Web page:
If it was a classic loved by children and young adults from the 80s (or thereabouts), I almost certainly missed it. Back to the Future. The Star Wars trilogy. Ghostbusters. Honestly, I don't know what happened. Your parents are your first source of pop culture influence, and my parents couldn't care less about it. They never prevented me from seeing anything (within reason, of course), but they never encouraged me to watch anything either. (It was the same with music - I don't think I was even exposed to the Beatles until high school, and I had to seek them out.) The lone exceptions were the time that my mom held me hostage when I was home sick and made me watch The Sound of Music, and the fact that my dad often tried to convince me and my sister to watch violent action movies on TV with him. Not even good action movies, either - but drab, explodey ones with the likes of Jean-Claude Van Damme and Dolph Lundgren (I seem to recall one where Lundgren freaks out anytime he sees anything white?). I didn't get great movie exposure from friends either. So suddenly I found myself as a college student who hadn't seem some of the most beloved films of my own generation.

I feel pretty good about my standing with the film history/film snob canon, but I'd be remiss to dismiss its popular cousin. So, under the guidance of my boyfriend (who had a normal childhood), and a contribution from a similarly-normal ex, I sought to rectify this situation. It's strange and a bit sad to experience this films solely as an adult, but frankly, I'm not sure how much I would have liked a lot of them when I was younger. The best jokes would have gone over my head, and anything remotely unnerving would have scarred me for life (I'm still a relative wimp, but I once ran away screaming from slightly ominous segment on "Sesame Street," to give you an idea). Plus, I'm free from the constraints of nostalgia, or even nostalgia's nameless relative wherein I didn't even particularly love something as a kid but I'm still unable to evaluate it objectively. (For me, that's The Wizard of Oz. I don't even know if I liked it, but it's just the goddamn Wizard of Oz!).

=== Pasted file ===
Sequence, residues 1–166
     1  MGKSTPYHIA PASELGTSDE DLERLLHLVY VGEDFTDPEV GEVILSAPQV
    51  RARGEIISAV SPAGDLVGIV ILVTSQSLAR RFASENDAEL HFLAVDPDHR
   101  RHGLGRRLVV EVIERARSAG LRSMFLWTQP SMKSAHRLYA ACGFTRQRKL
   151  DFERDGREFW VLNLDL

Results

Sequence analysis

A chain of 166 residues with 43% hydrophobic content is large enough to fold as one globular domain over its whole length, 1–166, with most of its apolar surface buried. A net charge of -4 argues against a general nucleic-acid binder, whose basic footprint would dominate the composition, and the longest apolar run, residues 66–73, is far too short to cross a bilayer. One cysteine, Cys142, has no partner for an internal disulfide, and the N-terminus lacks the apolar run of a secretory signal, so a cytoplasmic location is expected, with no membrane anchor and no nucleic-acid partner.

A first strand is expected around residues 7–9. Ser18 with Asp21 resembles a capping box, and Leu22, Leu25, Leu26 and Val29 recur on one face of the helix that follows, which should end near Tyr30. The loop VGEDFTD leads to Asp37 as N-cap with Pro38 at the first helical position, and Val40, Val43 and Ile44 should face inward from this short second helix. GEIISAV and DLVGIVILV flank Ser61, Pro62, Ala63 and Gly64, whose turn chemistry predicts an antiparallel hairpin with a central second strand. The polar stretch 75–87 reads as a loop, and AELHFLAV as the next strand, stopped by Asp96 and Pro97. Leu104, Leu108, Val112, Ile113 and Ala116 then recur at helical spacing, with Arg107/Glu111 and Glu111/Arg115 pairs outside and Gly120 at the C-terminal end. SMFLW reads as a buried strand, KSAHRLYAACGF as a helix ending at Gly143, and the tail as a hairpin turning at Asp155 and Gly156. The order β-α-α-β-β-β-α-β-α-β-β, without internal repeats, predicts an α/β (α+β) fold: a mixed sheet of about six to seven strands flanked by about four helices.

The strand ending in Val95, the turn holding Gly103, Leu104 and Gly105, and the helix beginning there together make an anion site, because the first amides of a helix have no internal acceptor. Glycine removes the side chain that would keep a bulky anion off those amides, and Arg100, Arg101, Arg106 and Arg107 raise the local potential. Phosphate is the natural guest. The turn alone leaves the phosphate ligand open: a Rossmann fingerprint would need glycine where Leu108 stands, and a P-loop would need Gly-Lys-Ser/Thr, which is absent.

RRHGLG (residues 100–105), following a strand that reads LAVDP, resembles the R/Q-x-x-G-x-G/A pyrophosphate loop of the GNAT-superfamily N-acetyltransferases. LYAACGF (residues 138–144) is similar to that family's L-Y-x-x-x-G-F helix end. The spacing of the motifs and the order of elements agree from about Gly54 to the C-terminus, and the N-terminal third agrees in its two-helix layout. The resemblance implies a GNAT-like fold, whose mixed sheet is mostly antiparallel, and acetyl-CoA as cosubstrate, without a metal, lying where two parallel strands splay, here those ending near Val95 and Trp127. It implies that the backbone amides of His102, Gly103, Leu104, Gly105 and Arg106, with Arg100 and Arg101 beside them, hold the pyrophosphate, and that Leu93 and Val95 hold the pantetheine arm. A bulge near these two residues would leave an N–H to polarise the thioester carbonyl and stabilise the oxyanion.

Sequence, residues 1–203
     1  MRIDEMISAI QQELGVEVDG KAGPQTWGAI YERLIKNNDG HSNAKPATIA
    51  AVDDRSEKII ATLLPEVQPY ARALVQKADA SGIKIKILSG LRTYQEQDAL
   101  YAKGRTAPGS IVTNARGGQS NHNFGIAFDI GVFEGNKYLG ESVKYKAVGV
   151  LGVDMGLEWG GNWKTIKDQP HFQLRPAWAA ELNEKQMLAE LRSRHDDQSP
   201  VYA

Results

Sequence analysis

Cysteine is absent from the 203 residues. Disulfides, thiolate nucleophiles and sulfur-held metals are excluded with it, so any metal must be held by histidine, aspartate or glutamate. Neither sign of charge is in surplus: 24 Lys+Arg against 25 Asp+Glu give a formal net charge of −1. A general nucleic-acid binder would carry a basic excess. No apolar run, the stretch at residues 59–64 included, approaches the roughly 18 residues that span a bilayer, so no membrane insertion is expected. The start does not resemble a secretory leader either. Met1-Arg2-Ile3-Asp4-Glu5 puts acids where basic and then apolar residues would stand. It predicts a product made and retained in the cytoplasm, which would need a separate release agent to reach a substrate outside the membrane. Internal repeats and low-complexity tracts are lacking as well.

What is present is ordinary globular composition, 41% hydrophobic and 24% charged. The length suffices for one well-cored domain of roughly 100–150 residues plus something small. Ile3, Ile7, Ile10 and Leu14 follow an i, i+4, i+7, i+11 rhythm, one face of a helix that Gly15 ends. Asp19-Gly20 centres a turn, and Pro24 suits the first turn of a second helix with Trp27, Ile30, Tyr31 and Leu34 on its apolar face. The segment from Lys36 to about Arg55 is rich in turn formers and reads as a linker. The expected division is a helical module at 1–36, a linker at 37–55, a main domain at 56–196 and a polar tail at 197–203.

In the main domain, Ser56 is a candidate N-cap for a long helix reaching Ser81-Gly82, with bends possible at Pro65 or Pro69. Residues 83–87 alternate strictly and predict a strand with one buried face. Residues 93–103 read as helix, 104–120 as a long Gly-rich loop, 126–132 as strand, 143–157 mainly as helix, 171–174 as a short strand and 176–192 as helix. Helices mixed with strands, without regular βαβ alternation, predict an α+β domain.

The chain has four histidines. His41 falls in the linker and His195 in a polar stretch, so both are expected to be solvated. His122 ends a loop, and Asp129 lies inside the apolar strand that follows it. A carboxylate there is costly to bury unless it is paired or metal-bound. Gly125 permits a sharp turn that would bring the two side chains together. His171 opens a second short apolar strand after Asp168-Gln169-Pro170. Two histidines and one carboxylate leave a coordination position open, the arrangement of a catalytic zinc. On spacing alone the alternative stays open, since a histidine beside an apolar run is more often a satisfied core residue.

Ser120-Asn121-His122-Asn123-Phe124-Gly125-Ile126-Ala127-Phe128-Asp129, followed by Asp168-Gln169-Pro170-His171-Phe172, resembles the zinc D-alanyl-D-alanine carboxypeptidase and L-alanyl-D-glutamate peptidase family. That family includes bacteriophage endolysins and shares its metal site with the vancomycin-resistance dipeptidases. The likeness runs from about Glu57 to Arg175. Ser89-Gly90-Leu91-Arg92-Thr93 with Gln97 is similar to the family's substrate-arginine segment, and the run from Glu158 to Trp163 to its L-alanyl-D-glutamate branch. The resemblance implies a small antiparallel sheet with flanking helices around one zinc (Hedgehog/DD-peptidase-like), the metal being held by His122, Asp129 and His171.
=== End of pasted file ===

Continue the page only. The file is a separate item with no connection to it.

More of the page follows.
So here is my progress so far. I have viewed all of these films for the first time at age 20 or older.

Alien (1979)
Wow. Wow wow wow. Can you believe that this film is over 30 years old? I can't. The set and prop design and special effects haven't aged a day, and the cast maintains a pitch-perfect sense of tense restraint. The suspense is orchestrated beautifully, and I didn't see the twists coming at all (maybe I was just lucky enough to avoid hearing about them). Definitely something that darling little girls don't typically see, but all the boys did and I owed it to myself as a film fan. I'm not naturally predisposed to sci-fi/horror, but this one won me over hook, line, and sinker.

Aliens (1986)
So remember everything I liked about the original? Well, remove that, and you end up with Aliens. I've detailed my troubled relationship with James Cameron already, and this is no exception. I understand that it's an action movie instead of sci-fi or horror, but it wasn't really working for me on that level either. Sure, there are impressive moments, but I was bummed that Cameron traded the sterile, futuristic environment for something resembling a flashy 80s music video. A lot of the compositions felt frenzied and cluttered, and almost all the characters (Ripley excluded) were goofy 80s stereotypes. Ripley's ascension to heroine was of course fantastic, but we all agree that Newt is annoying and lame. I know she needs to be there for the maternal themes, but how awesome would it have been if Ripley just kept saving her lesser male comrades? Also, I felt an overwhelming sense that they were trying to disguise a lack of actual aliens. The "don't show the monster" approach can be effective in low-budget, atmospheric horror, but it just seems pathetic in an action blockbuster.